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Tuesday, October 16, 2012

Who Won the Debate? Think Twice About the Answers on Twitter

As President Obama and Mitt Romney finish their closing statements in the presidential debate on Tuesday night, viewers at home will quickly consider who won and who lost. People wanting objective assessments of that question might not want to turn to their Twitter feeds for the most fair-minded answers.

Social media services like Twitter are often hailed for their ability to rapidly deliver the latest news and opinions to users. But while the networks make a wealth of information available to anyone with a smartphone or a computer, users do not consider all sources of information on a level playing field. They pick and choose the Twitter accounts to deliver their news and analysis on the basis of their own biases and opinions. The phenomenon is known as homophily, a tendency of similar people to cluster together and form similar opinions.

“The narrative is that technology is the great democratizer, yet we are divided as ever into our familiar neighborhoods,â € said Gilad Lotan, the vice president for research and development at SocialFlow, a social media marketing company whose technology The New York Times uses to manage some of its Twitter accounts.

After the debate between Vice President Joseph R. Biden Jr. and Representative Paul D. Ryan last Thursday, Mr. Lotan's company gathered examples on Twitter of users who used strong language like “Biden won” or “Ryan won” in describing their perception of the debate's outcome. And just as some polls found a close division of opinion on the debate's winner, an almost even number of Twitter users found that Mr. Biden or Mr. Ryan was the victor.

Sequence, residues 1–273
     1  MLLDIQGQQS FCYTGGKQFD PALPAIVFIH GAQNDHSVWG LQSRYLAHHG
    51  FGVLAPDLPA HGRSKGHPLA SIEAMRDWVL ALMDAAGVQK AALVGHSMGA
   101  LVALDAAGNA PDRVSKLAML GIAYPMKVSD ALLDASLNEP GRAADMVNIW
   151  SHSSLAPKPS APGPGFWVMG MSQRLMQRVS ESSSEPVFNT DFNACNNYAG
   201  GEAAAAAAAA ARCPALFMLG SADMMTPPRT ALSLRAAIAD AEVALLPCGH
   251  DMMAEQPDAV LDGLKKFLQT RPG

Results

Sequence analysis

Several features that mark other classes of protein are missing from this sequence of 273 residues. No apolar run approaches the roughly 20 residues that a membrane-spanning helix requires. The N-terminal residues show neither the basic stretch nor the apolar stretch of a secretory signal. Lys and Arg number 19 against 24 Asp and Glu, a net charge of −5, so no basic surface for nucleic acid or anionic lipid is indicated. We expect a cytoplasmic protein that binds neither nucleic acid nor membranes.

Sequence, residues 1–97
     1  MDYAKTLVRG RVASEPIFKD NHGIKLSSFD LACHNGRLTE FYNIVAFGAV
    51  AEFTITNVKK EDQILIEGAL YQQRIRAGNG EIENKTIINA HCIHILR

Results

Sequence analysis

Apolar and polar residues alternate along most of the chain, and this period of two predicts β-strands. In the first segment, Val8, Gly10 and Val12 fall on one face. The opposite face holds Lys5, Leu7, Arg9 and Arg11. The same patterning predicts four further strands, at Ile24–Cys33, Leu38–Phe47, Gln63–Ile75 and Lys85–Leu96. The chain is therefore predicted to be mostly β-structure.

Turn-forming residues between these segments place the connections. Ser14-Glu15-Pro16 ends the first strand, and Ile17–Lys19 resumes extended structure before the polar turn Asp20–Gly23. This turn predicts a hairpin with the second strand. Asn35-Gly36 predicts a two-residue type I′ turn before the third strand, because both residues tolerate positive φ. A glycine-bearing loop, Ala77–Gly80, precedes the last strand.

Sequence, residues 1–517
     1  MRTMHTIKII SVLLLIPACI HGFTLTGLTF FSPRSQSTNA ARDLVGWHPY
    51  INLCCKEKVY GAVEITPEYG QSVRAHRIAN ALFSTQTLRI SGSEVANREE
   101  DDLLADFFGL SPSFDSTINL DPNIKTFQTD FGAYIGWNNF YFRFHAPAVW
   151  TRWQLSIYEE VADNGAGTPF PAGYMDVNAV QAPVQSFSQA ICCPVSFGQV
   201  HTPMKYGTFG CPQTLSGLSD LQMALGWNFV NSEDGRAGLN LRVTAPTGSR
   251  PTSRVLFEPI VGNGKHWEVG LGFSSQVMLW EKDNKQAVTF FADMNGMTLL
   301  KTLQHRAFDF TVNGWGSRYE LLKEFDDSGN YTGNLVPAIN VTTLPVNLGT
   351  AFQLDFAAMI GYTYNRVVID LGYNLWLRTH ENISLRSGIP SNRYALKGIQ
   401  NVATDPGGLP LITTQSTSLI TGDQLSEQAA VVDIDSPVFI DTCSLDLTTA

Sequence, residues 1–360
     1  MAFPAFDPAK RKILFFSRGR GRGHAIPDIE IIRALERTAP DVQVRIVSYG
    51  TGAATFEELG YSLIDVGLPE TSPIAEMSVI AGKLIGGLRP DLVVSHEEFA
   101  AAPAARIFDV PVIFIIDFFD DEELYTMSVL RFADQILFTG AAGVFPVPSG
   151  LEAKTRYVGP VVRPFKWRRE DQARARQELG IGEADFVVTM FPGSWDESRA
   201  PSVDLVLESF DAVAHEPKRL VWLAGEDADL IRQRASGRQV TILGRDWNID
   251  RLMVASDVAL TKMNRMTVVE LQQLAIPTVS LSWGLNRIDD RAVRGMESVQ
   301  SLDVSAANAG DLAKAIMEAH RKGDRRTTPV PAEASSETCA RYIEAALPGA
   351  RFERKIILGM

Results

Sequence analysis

But underlying the declarations by Twitter users of the victor in the debate were signs that the conclusion was echoed by their sources of information on Twitter. Users who concluded that Mr. Biden won the debate often follow a similar group of Twitter accounts, and those who awarded the victor y to Mr. Ryan follow another group of Twitter accounts with very little overlap between the two.

The finding was illustrated by two co-follower graphs Mr. Lotan generated for SocialFlow. The graphs are a visual representation of the sources an audience online shares in common, and which sources are most followed within that audience. And in this case, they showed that Twitter users with a strong opinion about the debate's winner were grouped together around certain Twitter accounts, with little overlap between them.

Twitter users who gave the debate to Paul Ryan.Social FlowTwitter users who gave the debate to Paul Ryan.
Twitter users who gave the debate to Vice President Biden.Social FlowTwitter users who gave the debate to Vice President Biden.

While it is difficult to conclude how something like a Twitter post influences opinion, Twitter users with differing opinions on last week's debate do not appear to overlap much in what they consume on the social network.

“Those who support Ryan, and consider that he won the debate, have very little in common with those who support Biden and claim he won the debate,” Mr. Lotan said.

As Mr. Obama and Mr. Romney conclude their second debate on Tuesday, perhaps you can break out of your social neighborhood on Twitter and gather some opinions you do not usually look to in order to evaluate who won the debate.

But are you likely to do that? Maybe not. Mr. Lotan said that users in a state of h omophily tend to shun opinions that clash with their perceptions.

“The typical reaction is to go somewhere else, to feel uncomfortable, to feel unwanted, to feel like it's not your place,” he said.

Do you think you receive a diversity of opinions from social media? Tell us in the comments.